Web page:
A well maintained fireplace is a lovely feature in a home. A gas or wood-burning fireplace can be a mood setter when entertaining, a focal point for family gatherings or a comforting backdrop when snuggled up with a good book. But, fireplaces do require that a homeowner adhere to proper servicing schedules, maintenance recommendations and safety precautions to be enjoyed to their fullest.
Be Sure the Damper is Open:
Whether you have a vented-gas or wood-burning fireplace, it is important to ensure that the damper is open before lighting a fire. A closed damper would cause the smoke or carbon monoxide to back up into the room, which can be both dangerous and damaging. When not in use, close the chimney damper to minimize heat loss.
Select the Right Gas Log Set:
It seems like each year manufacturers are coming out with more realistic looking gas-log sets. If you are looking to upgrade yours, it is critical that you select the proper size and type for your fireplace as determined by the fireplace dimensions and accessories. Improper sizing may negatively impact the drafting of the fireplace. Additionally, too large a log set will adversely affect the burn and hamper the proper operation of the control system; and too small a set will diminish the beauty of the hearth setting.
Remember There is an Active Flame:
If you have a gas fireplace, remember that the pilot light is an active flame that is burning in the unit at all times. Therefore, it is suggested that you turn off the pilot light before using flammable materials in the vicinity. For example, if you are having your floors stained or refinished or will be using an aerosol cleaner on the glass doors, be sure to first turn the pilot light to the off position.
Turn Off the Pilot and Main Gas Supply:
Many people choose to turn off a gas fireplace’s pilot light and main gas supply during periods of non use, such as an extended vacation or the summer months. Not only will this save energy and money, but it may also help to prolong the operation and aesthetics of the unit and individual components.
Perform Regular Service and Maintenance:
Whether you have a gas or wood-burning fireplace, a regular schedule of service and maintenance is highly recommended. Wood-burning fireplace flues should be cleaned at least once every two years – more depending on usage – to remove the buildup of creosote, which is a normal byproduct of wood fires. With gas fireplaces, a technician should inspect the operation of the pilot flame or electronic igniter, the valve pressure, the heat-exchange area, the log positioning and the overall tightness of the electrical connections to ensure optimal performance and safety.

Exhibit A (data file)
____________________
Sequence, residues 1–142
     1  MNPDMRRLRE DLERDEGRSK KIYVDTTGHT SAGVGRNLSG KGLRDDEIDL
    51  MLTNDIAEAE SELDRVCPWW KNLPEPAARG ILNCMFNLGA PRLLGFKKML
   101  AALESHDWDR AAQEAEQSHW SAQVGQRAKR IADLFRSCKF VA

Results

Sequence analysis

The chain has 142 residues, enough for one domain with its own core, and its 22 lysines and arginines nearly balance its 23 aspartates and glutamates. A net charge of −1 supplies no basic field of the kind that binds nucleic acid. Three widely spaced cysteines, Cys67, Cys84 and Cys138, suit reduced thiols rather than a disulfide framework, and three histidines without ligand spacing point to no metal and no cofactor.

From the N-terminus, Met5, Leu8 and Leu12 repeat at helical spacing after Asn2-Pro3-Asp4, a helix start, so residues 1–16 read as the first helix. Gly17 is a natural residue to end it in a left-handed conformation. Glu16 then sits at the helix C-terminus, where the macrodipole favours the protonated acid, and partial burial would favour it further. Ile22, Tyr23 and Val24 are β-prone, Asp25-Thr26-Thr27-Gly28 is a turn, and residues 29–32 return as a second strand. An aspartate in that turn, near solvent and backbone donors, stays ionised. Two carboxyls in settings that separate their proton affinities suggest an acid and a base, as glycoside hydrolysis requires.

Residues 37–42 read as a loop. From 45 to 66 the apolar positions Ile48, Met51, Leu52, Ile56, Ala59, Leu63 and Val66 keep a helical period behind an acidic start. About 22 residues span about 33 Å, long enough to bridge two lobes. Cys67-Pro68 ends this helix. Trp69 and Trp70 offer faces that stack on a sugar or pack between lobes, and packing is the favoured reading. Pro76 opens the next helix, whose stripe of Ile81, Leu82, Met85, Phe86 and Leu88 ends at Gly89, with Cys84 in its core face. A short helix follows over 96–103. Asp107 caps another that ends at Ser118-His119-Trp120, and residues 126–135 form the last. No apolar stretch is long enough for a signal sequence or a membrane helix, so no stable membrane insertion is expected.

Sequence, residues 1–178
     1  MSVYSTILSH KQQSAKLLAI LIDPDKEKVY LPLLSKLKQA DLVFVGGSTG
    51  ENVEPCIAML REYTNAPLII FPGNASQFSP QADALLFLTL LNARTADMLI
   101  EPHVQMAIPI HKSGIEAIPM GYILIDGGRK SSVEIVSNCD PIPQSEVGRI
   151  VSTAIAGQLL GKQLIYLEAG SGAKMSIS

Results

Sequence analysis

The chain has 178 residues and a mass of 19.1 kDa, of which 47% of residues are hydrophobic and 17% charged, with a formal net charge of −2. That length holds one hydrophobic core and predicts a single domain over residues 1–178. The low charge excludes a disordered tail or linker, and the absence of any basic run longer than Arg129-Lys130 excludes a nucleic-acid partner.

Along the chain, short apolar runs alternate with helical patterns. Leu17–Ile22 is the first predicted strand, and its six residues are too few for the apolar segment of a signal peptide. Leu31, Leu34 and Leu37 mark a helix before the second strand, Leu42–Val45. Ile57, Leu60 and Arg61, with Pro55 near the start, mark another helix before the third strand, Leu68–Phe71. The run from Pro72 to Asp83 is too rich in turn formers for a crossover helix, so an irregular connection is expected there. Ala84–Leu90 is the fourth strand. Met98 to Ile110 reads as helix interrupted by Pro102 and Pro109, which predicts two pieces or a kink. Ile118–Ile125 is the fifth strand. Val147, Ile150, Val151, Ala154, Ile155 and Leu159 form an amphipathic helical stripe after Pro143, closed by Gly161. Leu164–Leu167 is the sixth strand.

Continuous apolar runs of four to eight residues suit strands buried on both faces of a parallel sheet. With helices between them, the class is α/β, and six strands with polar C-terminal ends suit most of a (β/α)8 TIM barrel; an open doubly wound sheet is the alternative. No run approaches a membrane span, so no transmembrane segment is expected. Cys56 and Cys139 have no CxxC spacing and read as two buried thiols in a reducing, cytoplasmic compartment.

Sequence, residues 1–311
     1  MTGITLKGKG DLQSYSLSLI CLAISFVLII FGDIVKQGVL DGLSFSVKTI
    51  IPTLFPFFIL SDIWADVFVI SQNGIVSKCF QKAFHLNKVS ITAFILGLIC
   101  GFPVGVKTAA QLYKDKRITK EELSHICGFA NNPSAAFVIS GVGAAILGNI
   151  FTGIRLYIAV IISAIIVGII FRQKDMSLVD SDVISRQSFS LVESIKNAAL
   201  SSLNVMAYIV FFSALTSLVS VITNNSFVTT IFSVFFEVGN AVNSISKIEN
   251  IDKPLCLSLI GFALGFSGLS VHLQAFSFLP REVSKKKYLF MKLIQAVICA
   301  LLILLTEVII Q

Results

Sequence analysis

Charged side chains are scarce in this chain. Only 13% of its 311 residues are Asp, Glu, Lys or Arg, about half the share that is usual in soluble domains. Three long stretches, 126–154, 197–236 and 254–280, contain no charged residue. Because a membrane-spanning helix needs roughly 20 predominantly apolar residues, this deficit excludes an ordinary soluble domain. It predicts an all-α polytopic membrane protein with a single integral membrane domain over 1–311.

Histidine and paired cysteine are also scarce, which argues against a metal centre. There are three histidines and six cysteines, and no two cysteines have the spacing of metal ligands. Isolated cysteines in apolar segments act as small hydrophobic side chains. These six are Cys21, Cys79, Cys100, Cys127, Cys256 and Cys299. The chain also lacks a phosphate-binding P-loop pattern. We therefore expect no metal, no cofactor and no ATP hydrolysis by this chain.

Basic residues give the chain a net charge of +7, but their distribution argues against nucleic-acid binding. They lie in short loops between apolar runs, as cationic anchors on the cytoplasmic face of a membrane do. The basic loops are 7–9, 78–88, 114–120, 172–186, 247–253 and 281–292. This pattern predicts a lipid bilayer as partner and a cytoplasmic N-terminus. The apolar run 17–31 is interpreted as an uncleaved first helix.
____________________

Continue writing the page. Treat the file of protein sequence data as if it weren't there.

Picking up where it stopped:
Conduct Chimney Inspections:
All fireplaces should have an annual chimney inspection to minimize or avoid costly structural damage. A thorough inspector will review the condition of the caps and mesh, crown, flashing, bricks and masonry, liners and ducts. Cracks or other damage to any of these elements may lead to water damage. It is also recommended that the inspector look for overhanging branches and vines. Overhanging branches should be cut back 10 feet from the chimney opening, to prevent them from catching fire and to prevent any obstruction to the flow of smoke.
Consider Custom Glass Doors:
No longer are homeowner’s limited to the standard selection of glass fireplace doors. Though costly, beautifully crafted custom glass doors in a variety of metals are now available to compliment the other fine finishes in your home. This is particularly appealing for those who choose to put gas fireplaces in bedrooms, as code requires glass fronts on those units. No matter what style of glass doors you choose, it is important that they seal tightly to minimize heat loss both during and between fires.
Minimize Heat Loss:
It is recommended that you lower your thermostat to between 50° and 55°F so your system doesn’t keep trying to replace the warm air being lost through the chimney. Also, open the window nearest the fireplace slightly and close nearby doors so the fireplace won’t easily draw heated air out of the house. Keeping sealed fireplace doors closed will also help to minimize heat loss. Fireplaces are as popular a home feature as ever. In fact, a National Association of Home Builders survey found that 77% of homebuyers want a fireplace in the family room, where they’ll spend most of their time. And fifty percent of homebuyers would like a fireplace in the living room, where they do much of their entertaining. With so many fireplaces, it’s important that homeowners understand the importance of maintenance and proper operations to ensure years of safe enjoyment.